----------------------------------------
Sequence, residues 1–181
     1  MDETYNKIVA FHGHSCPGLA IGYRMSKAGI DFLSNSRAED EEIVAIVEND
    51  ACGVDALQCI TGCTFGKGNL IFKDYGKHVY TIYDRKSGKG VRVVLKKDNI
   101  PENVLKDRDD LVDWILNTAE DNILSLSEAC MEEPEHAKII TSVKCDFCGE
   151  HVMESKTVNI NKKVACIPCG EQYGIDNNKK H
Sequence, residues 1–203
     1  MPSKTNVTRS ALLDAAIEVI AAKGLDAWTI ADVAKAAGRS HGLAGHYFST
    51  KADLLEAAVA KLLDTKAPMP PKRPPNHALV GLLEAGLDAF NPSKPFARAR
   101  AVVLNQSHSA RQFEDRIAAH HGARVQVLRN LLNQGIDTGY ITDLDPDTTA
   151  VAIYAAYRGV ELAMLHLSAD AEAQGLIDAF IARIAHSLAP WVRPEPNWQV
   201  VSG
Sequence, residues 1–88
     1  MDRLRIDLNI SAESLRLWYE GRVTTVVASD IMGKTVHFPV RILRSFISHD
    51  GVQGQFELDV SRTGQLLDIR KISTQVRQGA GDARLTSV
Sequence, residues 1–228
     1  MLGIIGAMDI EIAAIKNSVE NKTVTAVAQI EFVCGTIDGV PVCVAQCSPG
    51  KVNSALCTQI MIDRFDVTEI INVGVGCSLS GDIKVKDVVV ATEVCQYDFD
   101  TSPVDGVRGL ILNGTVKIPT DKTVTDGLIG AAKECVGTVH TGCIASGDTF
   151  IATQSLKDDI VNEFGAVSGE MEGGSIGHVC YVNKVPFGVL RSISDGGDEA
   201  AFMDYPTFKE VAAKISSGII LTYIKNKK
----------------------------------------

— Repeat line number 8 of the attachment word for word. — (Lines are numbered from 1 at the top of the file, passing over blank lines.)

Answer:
    51  KADLLEAAVA KLLDTKAPMP PKRPPNHALV GLLEAGLDAF NPSKPFARAR